Last year, we filed a request for Corey Stewart’s various Confederate-related correspondence, and received it around the time Stewart voiced support for a white supremacist gathering in Charlottesville, Virginia at the Robert E. Lee statue. Three months later, a much larger rally dubbed “Unite the Right” saw Heather Heyer killed by a neo-Nazi. MuckRock duplicated the original request for emails, with the addition of keywords related to the rally. We received 21 pages of emails, none written by Stewart.
This week’s FOIA round-up: Millions spent protecting Confederate landmarks, conservation officials instructed to withhold records, and cops caught driving drunk allowed to Uber home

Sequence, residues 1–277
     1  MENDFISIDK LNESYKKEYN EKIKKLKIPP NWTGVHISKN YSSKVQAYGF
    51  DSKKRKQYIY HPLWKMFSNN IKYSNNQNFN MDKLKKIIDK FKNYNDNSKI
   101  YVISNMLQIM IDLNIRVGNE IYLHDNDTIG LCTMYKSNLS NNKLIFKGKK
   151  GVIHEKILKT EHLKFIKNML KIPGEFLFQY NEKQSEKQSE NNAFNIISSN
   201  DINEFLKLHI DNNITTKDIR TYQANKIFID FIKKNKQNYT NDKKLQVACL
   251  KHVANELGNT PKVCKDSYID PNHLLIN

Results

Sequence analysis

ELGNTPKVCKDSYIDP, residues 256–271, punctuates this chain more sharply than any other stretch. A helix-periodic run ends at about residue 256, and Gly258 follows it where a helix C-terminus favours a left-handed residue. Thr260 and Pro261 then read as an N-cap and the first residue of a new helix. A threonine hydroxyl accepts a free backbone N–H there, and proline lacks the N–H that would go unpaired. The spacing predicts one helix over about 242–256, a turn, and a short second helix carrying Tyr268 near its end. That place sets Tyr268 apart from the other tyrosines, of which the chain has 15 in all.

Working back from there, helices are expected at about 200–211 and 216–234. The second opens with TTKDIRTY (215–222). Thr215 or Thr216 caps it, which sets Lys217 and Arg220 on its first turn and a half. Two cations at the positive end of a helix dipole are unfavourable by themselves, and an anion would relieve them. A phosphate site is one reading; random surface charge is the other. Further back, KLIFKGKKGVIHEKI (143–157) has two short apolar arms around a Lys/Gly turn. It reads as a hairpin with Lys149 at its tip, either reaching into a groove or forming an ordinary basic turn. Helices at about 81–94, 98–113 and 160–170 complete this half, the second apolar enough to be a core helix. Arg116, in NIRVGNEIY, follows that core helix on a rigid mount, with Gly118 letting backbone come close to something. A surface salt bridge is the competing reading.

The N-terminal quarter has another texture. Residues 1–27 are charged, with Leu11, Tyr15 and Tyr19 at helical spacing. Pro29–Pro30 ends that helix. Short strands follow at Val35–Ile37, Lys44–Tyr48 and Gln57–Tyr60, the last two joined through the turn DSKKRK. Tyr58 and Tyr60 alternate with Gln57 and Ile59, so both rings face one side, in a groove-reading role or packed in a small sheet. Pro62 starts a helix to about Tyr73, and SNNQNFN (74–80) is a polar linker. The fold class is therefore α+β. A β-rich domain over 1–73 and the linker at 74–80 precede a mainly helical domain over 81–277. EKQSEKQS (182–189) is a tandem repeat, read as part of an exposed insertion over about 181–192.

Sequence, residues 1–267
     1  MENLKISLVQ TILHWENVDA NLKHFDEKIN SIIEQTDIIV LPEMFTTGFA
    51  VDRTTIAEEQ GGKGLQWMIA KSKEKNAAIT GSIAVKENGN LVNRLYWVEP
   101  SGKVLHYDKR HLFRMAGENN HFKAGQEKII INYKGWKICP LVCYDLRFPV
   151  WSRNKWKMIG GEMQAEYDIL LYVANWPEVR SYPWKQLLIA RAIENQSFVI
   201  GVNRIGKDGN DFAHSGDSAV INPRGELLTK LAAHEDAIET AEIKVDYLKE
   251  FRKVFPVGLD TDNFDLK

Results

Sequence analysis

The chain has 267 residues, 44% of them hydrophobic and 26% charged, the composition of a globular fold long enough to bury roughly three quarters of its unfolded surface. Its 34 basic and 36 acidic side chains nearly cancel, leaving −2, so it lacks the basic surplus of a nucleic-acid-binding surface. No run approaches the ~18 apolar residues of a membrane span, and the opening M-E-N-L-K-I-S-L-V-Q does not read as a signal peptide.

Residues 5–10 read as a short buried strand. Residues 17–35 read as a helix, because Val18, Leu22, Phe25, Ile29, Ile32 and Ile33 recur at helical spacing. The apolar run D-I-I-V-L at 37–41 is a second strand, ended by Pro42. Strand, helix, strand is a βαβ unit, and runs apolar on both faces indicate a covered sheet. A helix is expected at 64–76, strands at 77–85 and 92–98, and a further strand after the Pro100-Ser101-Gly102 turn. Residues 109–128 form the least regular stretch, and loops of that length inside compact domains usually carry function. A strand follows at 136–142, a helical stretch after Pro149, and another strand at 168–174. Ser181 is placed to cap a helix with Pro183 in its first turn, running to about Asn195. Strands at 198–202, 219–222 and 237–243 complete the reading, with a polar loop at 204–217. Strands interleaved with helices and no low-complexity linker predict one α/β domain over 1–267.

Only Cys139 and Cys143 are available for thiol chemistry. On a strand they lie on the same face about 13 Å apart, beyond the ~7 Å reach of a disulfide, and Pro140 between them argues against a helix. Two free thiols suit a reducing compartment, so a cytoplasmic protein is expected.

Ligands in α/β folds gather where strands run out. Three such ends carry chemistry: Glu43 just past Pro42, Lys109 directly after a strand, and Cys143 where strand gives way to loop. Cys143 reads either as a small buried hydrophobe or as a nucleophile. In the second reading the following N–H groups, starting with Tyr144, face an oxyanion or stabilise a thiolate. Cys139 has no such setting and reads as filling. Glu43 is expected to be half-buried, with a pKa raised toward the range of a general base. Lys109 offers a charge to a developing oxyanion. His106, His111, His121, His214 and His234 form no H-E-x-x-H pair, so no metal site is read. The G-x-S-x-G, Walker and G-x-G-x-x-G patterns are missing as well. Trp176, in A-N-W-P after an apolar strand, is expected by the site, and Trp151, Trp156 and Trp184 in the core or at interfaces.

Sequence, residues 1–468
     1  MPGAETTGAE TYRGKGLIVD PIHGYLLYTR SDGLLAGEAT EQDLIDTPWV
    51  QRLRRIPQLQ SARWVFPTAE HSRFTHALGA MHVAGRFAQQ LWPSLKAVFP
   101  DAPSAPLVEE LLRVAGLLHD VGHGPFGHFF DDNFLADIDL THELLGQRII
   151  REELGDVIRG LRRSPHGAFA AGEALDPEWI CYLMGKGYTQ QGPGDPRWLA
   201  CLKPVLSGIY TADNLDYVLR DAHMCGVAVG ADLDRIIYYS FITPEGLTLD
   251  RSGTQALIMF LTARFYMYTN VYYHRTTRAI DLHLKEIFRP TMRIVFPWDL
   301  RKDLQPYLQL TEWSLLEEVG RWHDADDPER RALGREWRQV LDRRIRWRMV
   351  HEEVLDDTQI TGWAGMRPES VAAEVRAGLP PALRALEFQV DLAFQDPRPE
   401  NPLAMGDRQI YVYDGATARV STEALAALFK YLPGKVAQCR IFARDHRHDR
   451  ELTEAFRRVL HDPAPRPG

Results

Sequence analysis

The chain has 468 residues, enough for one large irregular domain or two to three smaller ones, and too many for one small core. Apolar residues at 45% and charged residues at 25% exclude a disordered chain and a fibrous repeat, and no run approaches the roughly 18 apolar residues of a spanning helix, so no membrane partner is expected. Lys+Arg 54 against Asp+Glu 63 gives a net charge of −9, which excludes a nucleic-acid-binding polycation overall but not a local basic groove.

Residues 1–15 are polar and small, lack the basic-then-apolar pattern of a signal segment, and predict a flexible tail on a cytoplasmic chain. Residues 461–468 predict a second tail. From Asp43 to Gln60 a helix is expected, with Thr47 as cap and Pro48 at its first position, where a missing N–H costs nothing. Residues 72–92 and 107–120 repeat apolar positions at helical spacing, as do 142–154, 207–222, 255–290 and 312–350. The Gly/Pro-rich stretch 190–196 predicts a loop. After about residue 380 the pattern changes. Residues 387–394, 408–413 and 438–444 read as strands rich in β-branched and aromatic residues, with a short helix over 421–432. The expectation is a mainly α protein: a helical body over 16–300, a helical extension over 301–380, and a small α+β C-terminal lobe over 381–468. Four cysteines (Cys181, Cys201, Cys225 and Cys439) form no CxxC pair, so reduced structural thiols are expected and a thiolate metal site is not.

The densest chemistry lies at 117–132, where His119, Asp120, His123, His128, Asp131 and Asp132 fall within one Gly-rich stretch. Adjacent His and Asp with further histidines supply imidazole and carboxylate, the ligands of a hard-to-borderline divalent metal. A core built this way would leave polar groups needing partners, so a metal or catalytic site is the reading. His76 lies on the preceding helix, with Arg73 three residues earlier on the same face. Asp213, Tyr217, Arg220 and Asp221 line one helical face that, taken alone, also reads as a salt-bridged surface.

In this week’s FOIA round-up, public records show massive federal spending on protecting Confederate cemeteries post-Charlottesville, the Trump administration’s policy of withholding documents requested with FOIA at the Fish and Wildlife Service, and a police fraternity allowing cops to escape DUI charges in Illinois. Also, an extensive FOIA-focused report details systemic flaws in the Illinois state FOIA process.
MuckRock is asking you to submit examples of the most racist memorials and monuments in the country. We’ll follow up by submitting records requests that will help us find out exactly how much time and energy local, state, and federal agencies devote to upkeep.
Curious to see what the email inbox of controversial Gubernatorial candidate Corey Stewart looked like after his comments attacking proponents of removing Confederate Statue, Virginian native Tom Nash filed a public records request. After some pushback, the commonwealth relented, and what they released makes for a fascinating read.